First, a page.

The 12A rotary in the first gen RX7 was probably one the most reliable and durable engines that Mazda had ever made up to that time, piston or not. I sold mine with over 170,000 km (110,000 miles), still purring like a kitten. I redlined that tach frequently, thinking it wouldn't hurt the engine. Long after I sold it, I read that that high rpm use actually helped it burn off carbon deposits on the seals!  From what I read they would last 150,000 miles with good maintenance. 

OIl use? Yes. The design of the rotary means that a small, metered amount of oil is burnt off in operation. Normal and predictable. I don't recall specifically, but now that I think about it I probably checked the oil about every weekend, like every car I had owned up to then. The simple rotary otherwise required less maintenance than a piston engine of the eighties.   Gas mileage was meh. Think American car V8 level mileage of the same era. But good gas mileage is pretty far down my list of wants when buying a sports car for fun.

Rotary engines are light, simple and can rev so high- in principle they should really suit bikes. Suzuki really didn't get their rotary right, the styling was awful. (I never heard of the heard of the Hercules Wankel before the F9 video). Norton simply ran out of money. I've always thought that if Honda had decided to licence and build a rotary it would have been a different story.

BTW, Mazda recently announced they would be using a rotary engine as a range extender in one of their hybrid models.

Don't get me wrong I was gob smacked when I drove the RX3 and R100. I drove the R100 when they were first released as a friend bought a brand new one. I was just shocked at the RX8 situation. The issue with both the Norton and Suzuki rotaries was exhaust temperature from memory. It was a good race engine in a bike but perversely considering it's size and weight seemed better suited to a car with regards to packaging.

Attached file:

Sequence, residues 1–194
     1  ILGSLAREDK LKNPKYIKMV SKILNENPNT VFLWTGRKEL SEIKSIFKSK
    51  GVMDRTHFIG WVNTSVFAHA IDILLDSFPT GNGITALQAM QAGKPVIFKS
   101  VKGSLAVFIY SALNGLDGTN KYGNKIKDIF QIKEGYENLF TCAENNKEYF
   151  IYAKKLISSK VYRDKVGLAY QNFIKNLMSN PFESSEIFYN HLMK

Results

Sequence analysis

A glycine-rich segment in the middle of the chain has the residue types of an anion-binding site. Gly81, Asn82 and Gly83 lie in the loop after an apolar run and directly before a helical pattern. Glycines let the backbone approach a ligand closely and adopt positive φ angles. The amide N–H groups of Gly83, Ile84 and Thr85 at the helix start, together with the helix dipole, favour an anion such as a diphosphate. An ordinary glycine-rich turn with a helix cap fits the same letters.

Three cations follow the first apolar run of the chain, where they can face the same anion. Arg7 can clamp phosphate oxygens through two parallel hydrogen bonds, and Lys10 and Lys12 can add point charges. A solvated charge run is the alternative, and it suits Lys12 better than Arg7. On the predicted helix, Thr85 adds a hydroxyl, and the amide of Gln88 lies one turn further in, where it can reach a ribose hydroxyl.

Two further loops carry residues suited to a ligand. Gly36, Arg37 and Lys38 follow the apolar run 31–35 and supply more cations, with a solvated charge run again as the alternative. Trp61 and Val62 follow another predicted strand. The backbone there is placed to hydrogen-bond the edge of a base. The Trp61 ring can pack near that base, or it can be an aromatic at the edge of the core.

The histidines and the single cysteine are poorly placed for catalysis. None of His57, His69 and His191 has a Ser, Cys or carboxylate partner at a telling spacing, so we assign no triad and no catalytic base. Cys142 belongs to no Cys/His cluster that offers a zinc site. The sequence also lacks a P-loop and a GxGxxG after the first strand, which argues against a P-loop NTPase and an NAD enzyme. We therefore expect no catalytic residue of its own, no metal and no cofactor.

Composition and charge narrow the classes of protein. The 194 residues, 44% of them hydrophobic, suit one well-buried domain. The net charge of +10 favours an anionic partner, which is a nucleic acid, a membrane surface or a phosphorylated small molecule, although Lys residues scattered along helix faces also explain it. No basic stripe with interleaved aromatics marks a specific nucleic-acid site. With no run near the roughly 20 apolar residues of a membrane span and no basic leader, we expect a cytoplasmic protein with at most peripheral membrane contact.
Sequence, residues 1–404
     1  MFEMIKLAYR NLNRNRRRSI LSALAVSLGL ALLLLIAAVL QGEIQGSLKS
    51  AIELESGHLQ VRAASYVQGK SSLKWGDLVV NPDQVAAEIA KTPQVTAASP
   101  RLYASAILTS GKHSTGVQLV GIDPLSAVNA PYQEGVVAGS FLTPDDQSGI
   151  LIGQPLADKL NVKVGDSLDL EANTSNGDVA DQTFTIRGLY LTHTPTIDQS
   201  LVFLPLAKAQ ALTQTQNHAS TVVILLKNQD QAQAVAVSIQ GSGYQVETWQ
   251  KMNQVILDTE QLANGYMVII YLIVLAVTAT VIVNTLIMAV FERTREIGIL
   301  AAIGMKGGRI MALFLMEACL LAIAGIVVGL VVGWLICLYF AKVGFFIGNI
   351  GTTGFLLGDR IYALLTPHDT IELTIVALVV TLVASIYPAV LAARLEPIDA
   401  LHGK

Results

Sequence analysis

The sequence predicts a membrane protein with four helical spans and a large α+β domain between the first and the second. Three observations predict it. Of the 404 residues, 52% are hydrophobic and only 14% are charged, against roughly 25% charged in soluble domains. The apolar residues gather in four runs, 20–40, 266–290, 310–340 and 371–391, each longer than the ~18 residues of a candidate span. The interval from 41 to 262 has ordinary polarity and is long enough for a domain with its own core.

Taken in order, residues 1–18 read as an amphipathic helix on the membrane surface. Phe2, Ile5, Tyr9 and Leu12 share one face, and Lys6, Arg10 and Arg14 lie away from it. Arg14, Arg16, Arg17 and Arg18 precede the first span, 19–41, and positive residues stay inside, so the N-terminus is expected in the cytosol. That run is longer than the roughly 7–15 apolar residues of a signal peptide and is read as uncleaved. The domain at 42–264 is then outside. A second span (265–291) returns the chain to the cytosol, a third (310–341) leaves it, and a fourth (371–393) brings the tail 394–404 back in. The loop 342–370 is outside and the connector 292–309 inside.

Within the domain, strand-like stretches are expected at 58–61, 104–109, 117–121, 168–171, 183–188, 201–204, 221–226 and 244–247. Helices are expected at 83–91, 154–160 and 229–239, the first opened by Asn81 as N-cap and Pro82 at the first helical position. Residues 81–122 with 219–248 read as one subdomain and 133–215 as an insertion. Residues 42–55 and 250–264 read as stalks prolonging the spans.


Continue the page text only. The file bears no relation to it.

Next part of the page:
Ciao   
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Offline PeteS

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Re: Ya Wanna Ride My Wankel!
« Reply #26 on: November 29, 2021, 04:27:18 PM »
Rotaries are not quite dead yet. Norton tuner Brian Crighton is offering this little tidbit.

https://www.autoevolution.com/news/crighton-reveals-new-motogp-like-cr700w-rotaries-are-back-173015.html

The issue with the Norton Rotaries was oil related much like the Mazdas. For whatever reason they chose to use aluminum sideplates that were simply etched, no nikasil. As long as oil levels were maintained they would be OK, evidence the Police bike above with over half a million miles. The owner of the US Classic had to bring the head Norton Mechanic over to repair the sideplates on his bike. Work was done at our local Norton dealer at the time. Plates had to be removed, ground flat and re etched with acid.

Pete

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Re: Ya Wanna Ride My Wankel!
« Reply #27 on: November 29, 2021, 04:51:41 PM »
Speaking of exhaust temperatures, back in the day I hung around the Team Highball shop, and as a result I watched them at the 24 Hours of Daytona a few times.

The Mazda rotaries were the only IMSA race cars at the time that were required to have a muffler;  they were THAT loud.

The muffler was located between the passenger-side door skin and the roll cage.  At night during the Daytona race you could see the muffler glowing through the door skin.
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Offline lucky phil

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Re: Ya Wanna Ride My Wankel!
« Reply #28 on: November 29, 2021, 05:06:10 PM »
Rotaries are not quite dead yet. Norton tuner Brian Crighton is offering this little tidbit.

https://www.autoevolution.com/news/crighton-reveals-new-motogp-like-cr700w-rotaries-are-back-173015.html

The issue with the Norton Rotaries was oil related much like the Mazdas. For whatever reason they chose to use aluminum sideplates that were simply etched, no nikasil. As long as oil levels were maintained they would be OK, evidence the Police bike above with over half a million miles. The owner of the US Classic had to bring the head Norton Mechanic over to repair the sideplates on his bike. Work was done at our local Norton dealer at the time. Plates had to be removed, ground flat and re etched with acid.

Pete
 

Ok interesting, I'm assuming you mean the plates on the housing that seal the rotor end faces. The Police bike mileage is a bit of a red herring though as any piston engine operated in the same circumstances gives the same results. Ridden somewhat continuously with minimal cold start cycling the same applies with massive mileage increases compared to the average DD.

Ciao
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Offline PeteS

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Re: Ya Wanna Ride My Wankel!
« Reply #29 on: November 29, 2021, 06:10:05 PM »
Ok interesting, I'm assuming you mean the plates on the housing that seal the rotor end faces. The Police bike mileage is a bit of a red herring though as any piston engine operated in the same circumstances gives the same results. Ridden somewhat continuously with minimal cold start cycling the same applies with massive mileage increases compared to the average DD.

Ciao

The sideplates are on either side of the rotor.

Pete